Thursday, September 02, 2010 -
Kazakhstan and the United Arab Emirates (UAE) announced on Tuesday their cooperation on using nuclear energy for peaceful purposes, the Gulf News agency reported on Thursday.
Kazakhstan’s Ambassador to UAE Askar Mussinov also told the news conference in the UAE capital Abu Dhabi that the Emirates fully backed his country’s international efforts to create a world free from the threat of nuclear annihilation.
"The discussions on cooperation in nuclear energy are in initial stage and we expect more progress in future," the Gulf News cited the Ambassador as telling the press.
Mussinov outlined the steps Kazakhstan has taken to usher in a nuclear weapons free region in Central Asia, as well as its expanding campaign to ensure a world free from nuclear arms.
After shutting down a nuclear testing site in Kazakhstan in 1991, President Nursultan Nazarbayev renounced nuclear weapons in 1994. Since then the former Soviet republic has removed all nuclear weapons, which numbered around 1400, from its territory.
In 2009, the five Central Asian nations established a ‘nuclear weapons free zone’ in their region. Since then, Kazakhstan has worked with international bodies to continue its anti-nuclear weapon campaign. This year, the UN General Assembly agreed to Kazakhstan’s request to designate August 29 as the International Day against Nuclear Tests.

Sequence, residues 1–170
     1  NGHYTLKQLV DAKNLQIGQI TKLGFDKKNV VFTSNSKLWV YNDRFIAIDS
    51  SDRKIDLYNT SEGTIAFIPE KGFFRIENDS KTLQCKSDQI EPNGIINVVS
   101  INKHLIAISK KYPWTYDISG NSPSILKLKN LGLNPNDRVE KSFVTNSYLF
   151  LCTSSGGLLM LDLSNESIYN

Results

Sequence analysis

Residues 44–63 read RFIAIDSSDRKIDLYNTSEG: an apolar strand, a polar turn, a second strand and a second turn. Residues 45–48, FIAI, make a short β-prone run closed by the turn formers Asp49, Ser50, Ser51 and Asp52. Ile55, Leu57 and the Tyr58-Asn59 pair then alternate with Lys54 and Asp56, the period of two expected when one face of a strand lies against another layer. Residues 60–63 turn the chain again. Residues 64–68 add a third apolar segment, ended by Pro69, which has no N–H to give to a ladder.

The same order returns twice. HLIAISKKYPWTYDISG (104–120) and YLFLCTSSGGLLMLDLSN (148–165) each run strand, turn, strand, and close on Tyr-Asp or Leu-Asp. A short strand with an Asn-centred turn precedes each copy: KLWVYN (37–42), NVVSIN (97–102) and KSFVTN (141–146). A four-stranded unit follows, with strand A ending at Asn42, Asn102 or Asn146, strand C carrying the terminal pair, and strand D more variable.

Kazakhstan sits on 16 percent of the world’s uranium reserves and is rapidly increasing its uranium output. The Central Asian giant is already the world’s leading uranium producer, accounting for almost 28 percent of world production.
For its part, the UAE has consulted with the International Atomic Energy Agency (IAEA) to embark on a civilian nuclear power program.
The UAE accepted a $20 billion offer from South Korea to build four nuclear reactors in the country by 2020. The UAE signed the Nuclear Non-Proliferation Treaty in 1996.